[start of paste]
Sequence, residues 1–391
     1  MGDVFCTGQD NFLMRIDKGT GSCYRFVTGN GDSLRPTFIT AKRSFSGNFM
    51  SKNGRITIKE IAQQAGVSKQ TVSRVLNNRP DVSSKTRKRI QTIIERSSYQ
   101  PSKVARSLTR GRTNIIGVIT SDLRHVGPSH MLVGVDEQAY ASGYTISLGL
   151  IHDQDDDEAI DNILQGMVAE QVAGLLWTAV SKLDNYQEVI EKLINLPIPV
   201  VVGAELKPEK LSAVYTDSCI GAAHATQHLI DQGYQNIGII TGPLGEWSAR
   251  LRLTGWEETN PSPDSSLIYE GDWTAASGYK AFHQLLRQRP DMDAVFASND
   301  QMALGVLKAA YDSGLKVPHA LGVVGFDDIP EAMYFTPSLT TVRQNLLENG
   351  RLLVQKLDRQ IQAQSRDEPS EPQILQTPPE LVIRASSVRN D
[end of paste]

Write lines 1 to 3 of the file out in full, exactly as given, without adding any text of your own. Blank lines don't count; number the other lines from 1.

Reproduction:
Sequence, residues 1–391
     1  MGDVFCTGQD NFLMRIDKGT GSCYRFVTGN GDSLRPTFIT AKRSFSGNFM
    51  SKNGRITIKE IAQQAGVSKQ TVSRVLNNRP DVSSKTRKRI QTIIERSSYQ